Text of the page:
3. 3. Making values-based decisions. When you move into a bigger role, values shaped by past experiences can misguide you. In the face of new challenges, old decisions may produce authentic, but wrong, behaviors that fail to suit new situations.

Frame Your Life Stories
The journey to authentic leadership begins with understanding your life story, which provides a context for your experiences. Your story is powered by experiences that can help you inspire others and influence them to follow your lead.
That said, life stories are not always pretty. While most of us can reframe negative experiences in a positive light, authenticity requires us to face up to our mistakes and failures. An honest appraisal may prove uncomfortable, but it’s necessary for self-improvement. It also paves the way for authenticity and resilience.
Practice Your Values and Principles
The values that form the basis for authentic leadership are derived from your beliefs and convictions, but you cannot truly know them until they’re tested under pressure.
Leadership principles are values translated into action. Without action that supports your stated values, you cannot be authentic. The hard decisions you make reflect what you truly value.
Balance Your Extrinsic and Intrinsic Motivations
If you’re like most leaders, you may be reluctant to admit that you measure your success against the outside world’s parameters. You enjoy the recognition and status that come with promotions and financial rewards.
But intrinsic motivations are derived from your life’s meaning and purpose. They’re closely linked to your life story and how you frame it (i.e., personal growth, helping other people develop, social causes, making a difference in the world).
Authenticity requires you to balance your desire for external validation with the intrinsic motivations that provide fulfillment at work.
Build Your Support Team
Authentic leaders build extraordinary support teams to help them stay on course. Team members provide counsel in times of uncertainty, offer extra assistance in difficult times and share in celebrations of success.
Support teams consist of spouses and families, close friends and colleagues, and mentors and coaches. Leaders must give as much to their supporters as they receive from them. Only then can mutually beneficial relationships develop.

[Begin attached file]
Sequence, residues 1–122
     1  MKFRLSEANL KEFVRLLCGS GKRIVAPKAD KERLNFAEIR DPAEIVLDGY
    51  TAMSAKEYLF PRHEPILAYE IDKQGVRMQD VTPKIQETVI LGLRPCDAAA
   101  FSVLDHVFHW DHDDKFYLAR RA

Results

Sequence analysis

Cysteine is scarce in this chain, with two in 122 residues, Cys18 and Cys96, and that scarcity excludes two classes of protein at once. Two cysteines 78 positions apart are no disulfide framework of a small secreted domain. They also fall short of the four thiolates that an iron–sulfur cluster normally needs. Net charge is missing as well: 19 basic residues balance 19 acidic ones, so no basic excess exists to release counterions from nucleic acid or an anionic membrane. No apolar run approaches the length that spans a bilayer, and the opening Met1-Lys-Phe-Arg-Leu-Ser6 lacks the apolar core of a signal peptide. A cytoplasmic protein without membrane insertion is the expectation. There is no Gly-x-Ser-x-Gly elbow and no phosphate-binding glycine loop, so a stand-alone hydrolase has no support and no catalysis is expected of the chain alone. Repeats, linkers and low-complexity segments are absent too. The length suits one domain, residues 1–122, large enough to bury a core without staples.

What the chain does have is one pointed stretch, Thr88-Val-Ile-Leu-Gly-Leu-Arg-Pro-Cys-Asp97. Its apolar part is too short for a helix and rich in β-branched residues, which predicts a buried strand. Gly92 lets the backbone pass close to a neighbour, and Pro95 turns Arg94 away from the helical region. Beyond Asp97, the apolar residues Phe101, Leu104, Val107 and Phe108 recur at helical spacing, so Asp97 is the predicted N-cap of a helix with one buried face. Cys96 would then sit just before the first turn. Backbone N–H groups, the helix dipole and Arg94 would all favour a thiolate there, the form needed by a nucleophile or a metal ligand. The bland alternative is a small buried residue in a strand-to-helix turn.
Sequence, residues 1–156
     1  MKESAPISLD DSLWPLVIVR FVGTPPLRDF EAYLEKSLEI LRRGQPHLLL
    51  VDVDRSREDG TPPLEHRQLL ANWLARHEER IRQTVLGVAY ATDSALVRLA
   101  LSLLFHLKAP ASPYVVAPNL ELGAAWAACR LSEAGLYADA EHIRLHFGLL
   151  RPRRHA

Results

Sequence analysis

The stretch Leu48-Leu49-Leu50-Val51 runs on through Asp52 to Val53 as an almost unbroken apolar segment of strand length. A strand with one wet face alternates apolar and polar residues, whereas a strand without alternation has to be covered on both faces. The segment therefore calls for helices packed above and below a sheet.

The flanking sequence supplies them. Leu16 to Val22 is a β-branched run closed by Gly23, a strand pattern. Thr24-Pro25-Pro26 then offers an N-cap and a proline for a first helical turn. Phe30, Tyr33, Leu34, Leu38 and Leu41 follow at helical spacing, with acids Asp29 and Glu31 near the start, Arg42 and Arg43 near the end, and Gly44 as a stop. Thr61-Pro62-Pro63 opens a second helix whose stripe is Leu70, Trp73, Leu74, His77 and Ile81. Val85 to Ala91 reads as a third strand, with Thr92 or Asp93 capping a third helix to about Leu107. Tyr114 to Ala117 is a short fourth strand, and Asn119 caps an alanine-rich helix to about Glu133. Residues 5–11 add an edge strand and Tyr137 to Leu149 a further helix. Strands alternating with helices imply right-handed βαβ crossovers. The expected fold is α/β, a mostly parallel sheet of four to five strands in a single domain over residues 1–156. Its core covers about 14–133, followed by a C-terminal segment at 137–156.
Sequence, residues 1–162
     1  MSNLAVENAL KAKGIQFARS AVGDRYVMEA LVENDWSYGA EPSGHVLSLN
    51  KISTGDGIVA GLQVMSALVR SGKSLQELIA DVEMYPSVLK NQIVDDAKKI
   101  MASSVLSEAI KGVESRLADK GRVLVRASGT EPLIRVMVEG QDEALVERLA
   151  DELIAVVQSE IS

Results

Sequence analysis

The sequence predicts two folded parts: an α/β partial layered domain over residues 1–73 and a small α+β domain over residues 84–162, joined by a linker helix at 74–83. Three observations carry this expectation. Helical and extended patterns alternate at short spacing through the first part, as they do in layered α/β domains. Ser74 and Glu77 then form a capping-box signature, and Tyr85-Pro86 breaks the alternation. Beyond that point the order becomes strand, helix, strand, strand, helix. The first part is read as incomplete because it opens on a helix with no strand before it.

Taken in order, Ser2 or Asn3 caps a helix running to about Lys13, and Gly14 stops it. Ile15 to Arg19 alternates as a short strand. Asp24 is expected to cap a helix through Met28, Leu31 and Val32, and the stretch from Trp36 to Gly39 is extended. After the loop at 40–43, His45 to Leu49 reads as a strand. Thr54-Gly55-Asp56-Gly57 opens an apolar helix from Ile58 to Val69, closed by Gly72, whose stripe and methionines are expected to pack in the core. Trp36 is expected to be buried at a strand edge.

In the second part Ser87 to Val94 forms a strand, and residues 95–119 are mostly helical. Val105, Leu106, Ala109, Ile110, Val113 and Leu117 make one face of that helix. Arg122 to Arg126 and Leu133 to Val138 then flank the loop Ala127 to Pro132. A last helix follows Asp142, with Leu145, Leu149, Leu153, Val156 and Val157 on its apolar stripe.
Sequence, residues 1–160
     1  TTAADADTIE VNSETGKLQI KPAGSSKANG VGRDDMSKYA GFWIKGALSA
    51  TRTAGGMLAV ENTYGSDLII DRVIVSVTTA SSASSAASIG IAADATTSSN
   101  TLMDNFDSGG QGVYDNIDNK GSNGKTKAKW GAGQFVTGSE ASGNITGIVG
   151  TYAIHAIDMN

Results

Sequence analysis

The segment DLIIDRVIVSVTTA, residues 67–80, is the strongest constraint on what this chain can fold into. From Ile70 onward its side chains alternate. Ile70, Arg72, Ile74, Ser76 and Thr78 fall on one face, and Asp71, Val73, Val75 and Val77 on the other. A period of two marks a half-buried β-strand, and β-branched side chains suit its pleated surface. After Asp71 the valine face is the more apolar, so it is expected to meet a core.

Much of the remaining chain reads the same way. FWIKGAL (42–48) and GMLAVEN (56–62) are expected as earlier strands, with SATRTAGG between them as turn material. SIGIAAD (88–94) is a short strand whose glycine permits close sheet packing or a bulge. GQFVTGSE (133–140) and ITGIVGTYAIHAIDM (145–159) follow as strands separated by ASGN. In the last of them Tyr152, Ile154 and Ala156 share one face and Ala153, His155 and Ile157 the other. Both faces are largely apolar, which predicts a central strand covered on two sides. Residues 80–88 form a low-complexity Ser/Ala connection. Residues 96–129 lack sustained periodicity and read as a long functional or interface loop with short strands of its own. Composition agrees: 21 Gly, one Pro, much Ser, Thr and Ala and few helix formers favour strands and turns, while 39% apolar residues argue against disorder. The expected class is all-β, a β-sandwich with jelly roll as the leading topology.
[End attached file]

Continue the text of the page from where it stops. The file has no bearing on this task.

Develop as an Authentic Leader
In “Your Development as an Authentic Leader” (Harvard Business Review, February 2007), Bill George, Peter Sims, Andrew N. McLean and Diana Mayer urge leaders to ask themselves the following questions:
1. Which people and experiences in your early life had the greatest impact on you?

2. Which tools do you use to become self-aware?
What is your authentic self?
In which moments do you say to yourself, “This is the real me?”
3. Name your most deeply held values.
Where did they come from?
Have your values changed significantly since your childhood?
How do your values inform your actions?
4. What motivates you extrinsically?
What are your intrinsic motivations?
How do you balance extrinsic and intrinsic motivations?
5. What kind of support team do you have?
How can your support team make you a more authentic leader?
How should you diversify your team to broaden your perspective?
6. Is your life integrated?
Are you able to be the same person in all aspects of your life (personal, work, family and community)?
If not, what’s holding you back?
7. What does authenticity mean in your life?
Are you a more effective leader when you behave authentically?
Have you ever paid a price for your authenticity? Was it worth it?
8. What steps can you take today, tomorrow and over the next year to develop authentic leadership?
Authentic leaders demonstrate a passion for their purpose, practice their values consistently, and lead with their hearts and heads. They establish long-term, meaningful relationships and have the self-discipline to get results. They know who they are.
Ultimately, superior results over a sustained period make for an authentic leader. It may be possible to drive short-term outcomes without being authentic, but authentic leadership is the only way we know to create sustainable long-term results.